High-flow oxygen therapy reduces the need for escalation of care in infants with bronchiolitis
The use of high-flow oxygen therapy may reduce the need for escalation of care in infants with bronchiolitis compared with standard oxygen therapy, according to a recent study.
“High-flow oxygen therapy through a nasal cannula has emerged as a new method to provide respiratory support for respiratory diseases in neonates, infants, children, and adults,” according to the researchers.
“[The results] showed a higher rate of treatment success among infants treated with high-flow oxygen therapy than those who received standard oxygen therapy, … [as well as] confirmed a lower hazard of treatment failure in the high-flow group,” the researchers said.
Researchers gathered data from the emergency departments and general paediatric inpatient units at tertiary and regional hospitals in Australia and New Zealand and analysed 1,472 infants with bronchiolitis. Participants were randomized in a 1:1 ratio to receive high-flow oxygen therapy (n=739, mean age 5.76 months, 39 percent female) or standard oxygen therapy (n=733, mean age 6.10 months, 36 percent female). The study’s primary outcome was escalation of care due to treatment failure of bronchiolitis (ie, meeting ≥3 of the four clinical criteria: hypoxaemia, persistent tachycardia, tachypnoea, and medical review triggered by a hospital early-warning tool). [N Engl J Med 2018;doi:10.1056/NEJMoa1714855]
The overall rate of escalation of care (increase in respiratory support or transfer to an ICU) due to treatment failure was significantly lower among infants who received high-flow oxygen therapy compared with standard oxygen therapy (12 percent vs 23 percent, relative risk [RR], 0.52; p<0.001).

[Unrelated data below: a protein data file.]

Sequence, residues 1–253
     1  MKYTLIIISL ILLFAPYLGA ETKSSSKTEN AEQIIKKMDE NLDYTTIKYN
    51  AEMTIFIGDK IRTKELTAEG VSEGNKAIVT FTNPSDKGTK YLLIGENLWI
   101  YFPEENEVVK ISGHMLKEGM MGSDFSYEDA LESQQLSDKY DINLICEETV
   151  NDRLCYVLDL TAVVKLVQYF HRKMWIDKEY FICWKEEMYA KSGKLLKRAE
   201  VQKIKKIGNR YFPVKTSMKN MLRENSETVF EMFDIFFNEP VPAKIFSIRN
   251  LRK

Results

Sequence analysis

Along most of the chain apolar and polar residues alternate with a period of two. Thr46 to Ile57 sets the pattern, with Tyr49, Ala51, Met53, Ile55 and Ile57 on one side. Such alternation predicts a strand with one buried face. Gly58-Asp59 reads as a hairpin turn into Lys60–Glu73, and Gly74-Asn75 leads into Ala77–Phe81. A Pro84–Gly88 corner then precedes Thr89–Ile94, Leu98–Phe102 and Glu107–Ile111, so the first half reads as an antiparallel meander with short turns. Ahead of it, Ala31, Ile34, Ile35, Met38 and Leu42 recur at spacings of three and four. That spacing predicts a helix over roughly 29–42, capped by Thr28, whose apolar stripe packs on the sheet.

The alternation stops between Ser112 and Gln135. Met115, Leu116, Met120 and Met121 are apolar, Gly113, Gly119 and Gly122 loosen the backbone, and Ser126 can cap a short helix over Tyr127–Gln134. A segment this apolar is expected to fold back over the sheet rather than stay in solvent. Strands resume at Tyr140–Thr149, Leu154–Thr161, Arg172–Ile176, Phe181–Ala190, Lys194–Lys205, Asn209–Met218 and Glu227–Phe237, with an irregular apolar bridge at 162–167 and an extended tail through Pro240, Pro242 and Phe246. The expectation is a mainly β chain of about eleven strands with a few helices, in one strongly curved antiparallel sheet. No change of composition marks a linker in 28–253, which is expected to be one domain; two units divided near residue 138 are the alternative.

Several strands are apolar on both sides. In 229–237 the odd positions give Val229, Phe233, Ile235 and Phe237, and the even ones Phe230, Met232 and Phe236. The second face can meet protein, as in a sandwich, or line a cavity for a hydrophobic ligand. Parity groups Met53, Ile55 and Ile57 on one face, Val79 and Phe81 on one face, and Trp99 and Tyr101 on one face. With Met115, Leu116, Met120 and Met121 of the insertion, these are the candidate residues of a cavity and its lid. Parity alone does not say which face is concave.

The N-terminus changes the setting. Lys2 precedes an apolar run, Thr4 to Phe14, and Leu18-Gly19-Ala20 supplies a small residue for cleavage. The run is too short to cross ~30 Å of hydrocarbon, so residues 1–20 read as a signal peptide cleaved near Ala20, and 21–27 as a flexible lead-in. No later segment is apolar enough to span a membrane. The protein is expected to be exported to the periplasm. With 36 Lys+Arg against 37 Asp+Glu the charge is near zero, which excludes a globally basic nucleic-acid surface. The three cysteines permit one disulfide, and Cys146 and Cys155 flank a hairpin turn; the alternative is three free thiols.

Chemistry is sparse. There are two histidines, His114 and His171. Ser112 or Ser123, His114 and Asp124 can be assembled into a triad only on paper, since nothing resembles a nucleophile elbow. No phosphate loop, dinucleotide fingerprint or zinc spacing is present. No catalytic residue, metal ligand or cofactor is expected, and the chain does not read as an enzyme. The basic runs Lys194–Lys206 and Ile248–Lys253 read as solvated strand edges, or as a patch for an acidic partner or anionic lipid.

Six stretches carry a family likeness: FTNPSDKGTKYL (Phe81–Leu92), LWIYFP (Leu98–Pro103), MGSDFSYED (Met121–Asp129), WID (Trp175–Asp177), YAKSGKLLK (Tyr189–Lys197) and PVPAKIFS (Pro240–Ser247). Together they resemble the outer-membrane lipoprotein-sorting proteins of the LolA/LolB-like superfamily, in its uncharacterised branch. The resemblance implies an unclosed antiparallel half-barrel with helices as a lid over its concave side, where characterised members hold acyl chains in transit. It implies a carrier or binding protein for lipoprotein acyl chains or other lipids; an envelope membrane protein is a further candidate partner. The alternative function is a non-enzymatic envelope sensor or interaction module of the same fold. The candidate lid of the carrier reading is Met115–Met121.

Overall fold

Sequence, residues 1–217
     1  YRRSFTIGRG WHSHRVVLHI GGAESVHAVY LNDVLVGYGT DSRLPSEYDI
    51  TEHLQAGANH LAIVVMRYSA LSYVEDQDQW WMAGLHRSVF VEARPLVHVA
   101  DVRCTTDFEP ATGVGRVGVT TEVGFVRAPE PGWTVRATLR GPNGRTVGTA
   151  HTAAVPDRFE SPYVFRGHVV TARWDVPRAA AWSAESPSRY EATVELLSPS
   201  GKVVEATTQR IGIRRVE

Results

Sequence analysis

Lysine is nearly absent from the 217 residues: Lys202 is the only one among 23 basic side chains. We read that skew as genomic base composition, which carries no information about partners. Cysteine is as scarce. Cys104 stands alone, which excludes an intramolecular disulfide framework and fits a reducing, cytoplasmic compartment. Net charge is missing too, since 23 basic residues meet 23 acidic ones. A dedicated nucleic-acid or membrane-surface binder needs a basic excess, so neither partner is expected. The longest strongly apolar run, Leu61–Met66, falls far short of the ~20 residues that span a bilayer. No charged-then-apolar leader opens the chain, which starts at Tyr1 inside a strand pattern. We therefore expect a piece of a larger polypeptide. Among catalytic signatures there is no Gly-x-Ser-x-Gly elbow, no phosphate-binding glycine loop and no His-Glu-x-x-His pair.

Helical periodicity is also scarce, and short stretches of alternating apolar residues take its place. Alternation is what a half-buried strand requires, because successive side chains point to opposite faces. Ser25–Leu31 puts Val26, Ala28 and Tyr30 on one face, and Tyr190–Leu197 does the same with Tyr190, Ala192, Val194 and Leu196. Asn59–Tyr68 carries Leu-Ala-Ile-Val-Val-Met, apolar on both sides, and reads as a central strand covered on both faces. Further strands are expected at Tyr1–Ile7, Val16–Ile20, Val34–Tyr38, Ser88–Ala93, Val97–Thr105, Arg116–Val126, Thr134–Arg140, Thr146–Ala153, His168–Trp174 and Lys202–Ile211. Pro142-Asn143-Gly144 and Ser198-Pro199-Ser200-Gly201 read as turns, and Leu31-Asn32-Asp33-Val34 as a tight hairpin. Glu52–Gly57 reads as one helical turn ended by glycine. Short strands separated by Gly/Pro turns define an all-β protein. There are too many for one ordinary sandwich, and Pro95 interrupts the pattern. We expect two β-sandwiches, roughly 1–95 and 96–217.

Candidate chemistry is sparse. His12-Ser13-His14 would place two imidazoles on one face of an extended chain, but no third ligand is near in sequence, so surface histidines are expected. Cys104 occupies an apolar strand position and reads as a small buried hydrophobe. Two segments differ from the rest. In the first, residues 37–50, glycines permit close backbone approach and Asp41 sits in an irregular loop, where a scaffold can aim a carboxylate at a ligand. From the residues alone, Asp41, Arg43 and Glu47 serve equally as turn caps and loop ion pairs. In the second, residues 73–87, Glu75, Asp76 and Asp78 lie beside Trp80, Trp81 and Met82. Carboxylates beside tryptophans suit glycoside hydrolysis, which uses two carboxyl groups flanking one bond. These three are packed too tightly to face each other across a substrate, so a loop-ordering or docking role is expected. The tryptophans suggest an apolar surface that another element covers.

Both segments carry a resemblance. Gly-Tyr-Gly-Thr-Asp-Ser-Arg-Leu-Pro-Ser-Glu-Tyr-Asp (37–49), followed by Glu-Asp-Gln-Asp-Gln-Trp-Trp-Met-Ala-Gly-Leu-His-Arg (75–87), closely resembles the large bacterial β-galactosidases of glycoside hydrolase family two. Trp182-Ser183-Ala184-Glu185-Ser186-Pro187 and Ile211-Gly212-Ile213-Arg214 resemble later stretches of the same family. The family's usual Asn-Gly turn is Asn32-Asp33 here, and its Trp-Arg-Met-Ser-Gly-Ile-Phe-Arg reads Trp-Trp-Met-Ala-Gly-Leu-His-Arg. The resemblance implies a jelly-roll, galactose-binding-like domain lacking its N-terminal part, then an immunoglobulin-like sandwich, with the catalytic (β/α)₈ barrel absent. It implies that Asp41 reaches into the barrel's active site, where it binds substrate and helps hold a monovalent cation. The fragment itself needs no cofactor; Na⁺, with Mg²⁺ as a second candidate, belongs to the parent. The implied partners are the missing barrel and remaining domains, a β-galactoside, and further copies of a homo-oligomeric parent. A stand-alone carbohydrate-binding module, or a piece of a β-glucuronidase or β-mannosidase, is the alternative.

The lower rates of escalation of care among infants in the high-flow group was evident regardless of whether infants were treated at hospitals with an onsite ICU (14 percent vs 20 percent, RR, 0.71; p<0.001) or without (7 percent vs 28 percent, RR, 0.27; p<0.001).
A significantly higher respiratory rate was observed among infants on high-flow oxygen therapy compared with those on standard oxygen therapy (62.6 vs 54.6 beats per minute, odds ratio, 8.02; p<0.001).
Adverse event incidence was similar between groups, with only one event of pneumothorax in each group, with no serious adverse events.
Of the 167 infants with treatment failure who received standard oxygen therapy, 61 percent were crossed over to receive high-flow oxygen therapy as a rescue treatment.
“The rescue use of high-flow oxygen therapy reflected a real-world scenario, because high-flow therapy was used as standard practice in Australia and New Zealand at the time of our trial,” the researchers noted.“[Furthermore,] observational and physiological studies suggest that decreased work of breathing, improved oxygenation, and reduced rates of intubation are associated with high-flow oxygen therapy,” said the researchers.